American Home Products
said earnings rose in the third quarter, although both were hampered by ongoing problems in their pharmaceutical operations.
American Home said earnings before costs associated with its ongoing Redux and Pondimin litigation were $867 million, or 65 cents a share, in the quarter, up from $762 million, or 58 cents a share, a year ago and two cents better than analysts' forecasts. The company said revenue rose 7% to $3.74 billion on a 9% increase in pharmaceutical sales.
The company also posted an after-tax charge of $615 million, or 46 cents a share, in the latest period for the diet-drug litigation, cutting its bottom-line profit to $252 million, or 19 cents a share. The expense represents expected future funding for a class-action settlement of the case, which has been in settlement proceedings for two years.
American Home said overall drug revenue was buoyed by brisk sales of Protonix, its gastroesophageal reflux treatment, and Effexor, an antidepressant. Those gains offset declines in products including its Premarin hormone-replacement therapy, sales of which fell because of promotions.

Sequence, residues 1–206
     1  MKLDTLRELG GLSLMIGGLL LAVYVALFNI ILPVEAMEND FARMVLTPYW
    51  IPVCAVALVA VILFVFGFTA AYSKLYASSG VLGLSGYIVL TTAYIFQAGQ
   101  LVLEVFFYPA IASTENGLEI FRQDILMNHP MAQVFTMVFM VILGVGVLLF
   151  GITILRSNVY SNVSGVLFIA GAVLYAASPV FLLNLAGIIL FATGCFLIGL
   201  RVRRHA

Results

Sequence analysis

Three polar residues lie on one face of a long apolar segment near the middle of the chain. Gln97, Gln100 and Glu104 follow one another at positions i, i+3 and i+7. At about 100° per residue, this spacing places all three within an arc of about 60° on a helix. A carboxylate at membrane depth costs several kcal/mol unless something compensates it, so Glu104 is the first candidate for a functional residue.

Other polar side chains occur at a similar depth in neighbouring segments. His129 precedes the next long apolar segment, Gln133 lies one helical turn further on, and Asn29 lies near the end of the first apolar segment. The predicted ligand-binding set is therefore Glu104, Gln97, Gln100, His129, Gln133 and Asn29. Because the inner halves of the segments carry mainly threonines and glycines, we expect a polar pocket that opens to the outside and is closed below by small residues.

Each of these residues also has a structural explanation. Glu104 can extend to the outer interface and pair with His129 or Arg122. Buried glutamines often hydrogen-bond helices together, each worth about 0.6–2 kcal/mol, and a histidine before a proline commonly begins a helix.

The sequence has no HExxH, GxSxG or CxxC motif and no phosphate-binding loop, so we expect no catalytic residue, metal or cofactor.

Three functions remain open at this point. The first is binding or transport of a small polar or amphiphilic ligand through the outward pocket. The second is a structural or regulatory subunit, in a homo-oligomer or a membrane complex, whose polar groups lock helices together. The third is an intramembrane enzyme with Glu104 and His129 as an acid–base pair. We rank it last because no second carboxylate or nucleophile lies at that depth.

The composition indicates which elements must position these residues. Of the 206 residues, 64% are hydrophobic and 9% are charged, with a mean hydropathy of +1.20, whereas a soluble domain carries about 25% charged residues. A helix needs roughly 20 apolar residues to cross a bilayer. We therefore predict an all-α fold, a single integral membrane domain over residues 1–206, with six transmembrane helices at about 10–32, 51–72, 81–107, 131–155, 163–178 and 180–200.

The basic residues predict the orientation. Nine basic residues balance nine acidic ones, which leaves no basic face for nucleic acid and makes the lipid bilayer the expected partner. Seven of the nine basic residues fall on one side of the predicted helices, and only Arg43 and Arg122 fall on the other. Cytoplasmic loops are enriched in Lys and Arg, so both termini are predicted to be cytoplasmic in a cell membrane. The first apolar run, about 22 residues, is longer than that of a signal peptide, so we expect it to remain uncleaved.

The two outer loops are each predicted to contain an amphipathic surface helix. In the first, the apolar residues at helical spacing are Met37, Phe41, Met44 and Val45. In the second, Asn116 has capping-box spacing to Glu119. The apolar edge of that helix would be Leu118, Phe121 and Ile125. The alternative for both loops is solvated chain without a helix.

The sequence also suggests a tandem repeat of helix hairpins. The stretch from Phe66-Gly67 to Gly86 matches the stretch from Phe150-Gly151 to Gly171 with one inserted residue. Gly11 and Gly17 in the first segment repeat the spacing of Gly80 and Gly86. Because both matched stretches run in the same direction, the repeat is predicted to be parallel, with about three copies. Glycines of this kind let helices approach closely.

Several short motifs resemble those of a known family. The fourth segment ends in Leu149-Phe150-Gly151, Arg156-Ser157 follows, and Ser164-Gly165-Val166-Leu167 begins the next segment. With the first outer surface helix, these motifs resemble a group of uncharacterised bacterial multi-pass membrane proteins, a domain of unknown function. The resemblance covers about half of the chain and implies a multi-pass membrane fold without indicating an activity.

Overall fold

Meanwhile, Schering-Plough said it earned $601 million, or 41 cents a share, in the third quarter compared with $591 million, or 40 cents a share, a year ago. The results were in line with analysts' expectations. Revenue was roughly flat at $2.4 billion.
In the U.S., the company's overall drug sales fell 1% due to continuing manufacturing issues at two of its domestic plants. In a "disclosure notice" appended to its earnings release, Schering-Plough said future results could be affected by the FDA's investigation of those issues, which center on plants in New Jersey and Puerto Rico.
"We are continuing our broad efforts to resolve the manufacturing issues that are negatively affecting U.S. operations and results," the company said.
The Kenilworth, N.J., company said worldwide pharmaceutical sales rose 1% on higher sales in two segments: allergy and respiratory, and anti-infective and anticancer. Claritin sales were up 5% to $828 million while sales of Nasonex rose 39% to $136 million. Sales in its anticancer and antihepatitis line Intron A fell 11% to $301 million.